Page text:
Raises concerns over “toothless” RTI Commission and exemption clauses
By Shiran Illanperuma
Ahead of tabling of the Right to Information (RTI) Bill in Parliament today, the Commonwealth Human Rights Initiative (CHRI) sent a letter to Prime Minister Ranil Wickremesinghe to raise their concerns over clauses in the Bill’s draft and to appeal for its release into the public domain.
The letter sent last week reads: “We urge you to take steps immediately to open up a consultative process through which Parliament may receive comments and suggestions from the people about what they would like to see improved in the Bill. For this to happen, it is absolutely essential that the Draft Bill itself be placed in the public domain before it is tabled in Parliament. Surely, such a strep would signal your Government’s commitment to transparency at the outset.”
Coupled with the letter requesting greater transparency and public consultation in the Bill-making process, CHRI also enclosed a brief note consisting of 32 “preliminary comments and key concerns” regarding the draft of the Bill that was first made public.
Foremost among the concerns highlighted by the CHRI was the “virtually toothless” RTI Commission which they say has “no power to impose sanctions on anybody for non-compliance”.
The list also included concerns relating to exemption clauses in the Bill. One clause which protects communication between the Attorney General’s Office and the Government was deemed to be “not in tune with international best practice standards”.
There was also criticism of the fact that not all exemptions were subject to a sunset clause of 10 years meaning that certain exemptions to the Bill would be applicable eternally – leaving information permanently out of the public’s reach.
Verite Research, a think tank based in Colombo, Research Director Gehan Gunatilleke who was among the civil society members who discussed the first draft of the RTI Bill that was approved by Cabinet in December last year said that the concerns raised by CHRI were valid to the extent that there was room for improvement. However, Gunatilleke warned against “dwelling on these improvements at this stage” as that could potentially stall the passing of the Bill altogether.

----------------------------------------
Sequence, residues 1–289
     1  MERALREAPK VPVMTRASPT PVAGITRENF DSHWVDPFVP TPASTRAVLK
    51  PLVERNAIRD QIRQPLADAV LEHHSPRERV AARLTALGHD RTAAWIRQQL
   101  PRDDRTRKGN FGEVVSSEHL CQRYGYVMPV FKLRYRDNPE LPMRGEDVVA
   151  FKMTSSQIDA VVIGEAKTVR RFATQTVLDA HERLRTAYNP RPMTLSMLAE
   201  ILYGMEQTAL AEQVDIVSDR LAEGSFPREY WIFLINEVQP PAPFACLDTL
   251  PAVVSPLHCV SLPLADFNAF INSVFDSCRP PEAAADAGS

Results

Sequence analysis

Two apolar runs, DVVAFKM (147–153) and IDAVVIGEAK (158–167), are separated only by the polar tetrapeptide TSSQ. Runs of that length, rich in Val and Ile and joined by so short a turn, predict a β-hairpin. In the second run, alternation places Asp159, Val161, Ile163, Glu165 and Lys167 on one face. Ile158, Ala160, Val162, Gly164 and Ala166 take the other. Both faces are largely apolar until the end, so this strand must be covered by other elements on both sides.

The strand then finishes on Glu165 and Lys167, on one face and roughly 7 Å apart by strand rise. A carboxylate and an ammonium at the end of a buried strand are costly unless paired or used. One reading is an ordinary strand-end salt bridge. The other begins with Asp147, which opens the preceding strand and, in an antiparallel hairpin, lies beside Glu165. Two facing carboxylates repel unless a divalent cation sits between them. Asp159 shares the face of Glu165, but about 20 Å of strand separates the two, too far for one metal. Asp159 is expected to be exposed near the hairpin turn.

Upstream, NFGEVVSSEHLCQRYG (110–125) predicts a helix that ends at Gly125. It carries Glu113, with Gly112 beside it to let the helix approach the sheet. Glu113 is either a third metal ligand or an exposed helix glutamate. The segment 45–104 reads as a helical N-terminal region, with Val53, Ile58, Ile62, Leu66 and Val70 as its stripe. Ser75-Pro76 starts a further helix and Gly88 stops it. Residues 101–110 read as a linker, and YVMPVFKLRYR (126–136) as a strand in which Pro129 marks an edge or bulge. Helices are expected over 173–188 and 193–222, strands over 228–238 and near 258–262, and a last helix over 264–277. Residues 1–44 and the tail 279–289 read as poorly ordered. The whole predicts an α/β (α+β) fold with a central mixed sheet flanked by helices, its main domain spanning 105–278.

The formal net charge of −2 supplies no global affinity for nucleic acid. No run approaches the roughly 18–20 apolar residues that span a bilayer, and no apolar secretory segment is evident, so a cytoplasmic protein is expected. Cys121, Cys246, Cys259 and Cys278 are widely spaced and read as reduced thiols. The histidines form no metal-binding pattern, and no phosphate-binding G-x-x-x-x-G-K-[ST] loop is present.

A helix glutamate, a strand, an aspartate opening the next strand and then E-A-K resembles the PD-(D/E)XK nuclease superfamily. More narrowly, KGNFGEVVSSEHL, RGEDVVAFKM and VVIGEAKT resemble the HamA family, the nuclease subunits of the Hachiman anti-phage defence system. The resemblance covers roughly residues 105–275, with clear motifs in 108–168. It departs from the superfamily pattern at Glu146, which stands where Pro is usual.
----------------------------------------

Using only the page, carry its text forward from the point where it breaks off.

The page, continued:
“Improvements to the draft should be debated in Parliament. Any further delay will result in a recurrence of the trend we have seen over the last 12 years where a Cabinet-approved Bill with sufficient civil society backing is not placed before Parliament,” he said.
The RTI Bill was a key pitch of the Sirisena Presidential campaign as part of a promised movement towards greater transparency, accountability and media freedom. Though included in the 100-day program of the Yahapalana Government the Bill is being tabled today, over a year after the Government change.
Since the first draft of the Bill was initially disclosed to the public and made open for civil society input, the Government has conducted consultations with politicians at the provincial level. However the public remains in the dark as to any changes that may have taken place during these consultations.
Throughout the letter and list of concerns the CHRI makes frequent reference to the RTI Acts and processes in neighbouring South Asian countries such as India, Pakistan and Nepal, often urging the Sri Lankan government to make use of precedents in these countries.
Citing the development process of the India’s RTI Act, CHRI said: “The reason why the RTI Act continues to be one of the most popular laws in India is because, citizens, civil society groups, academics, academics and the media were closely involved in the crafting of this law and later have continued to give valuable feedback to the Government for overcoming the bottlenecks in the implementation process.”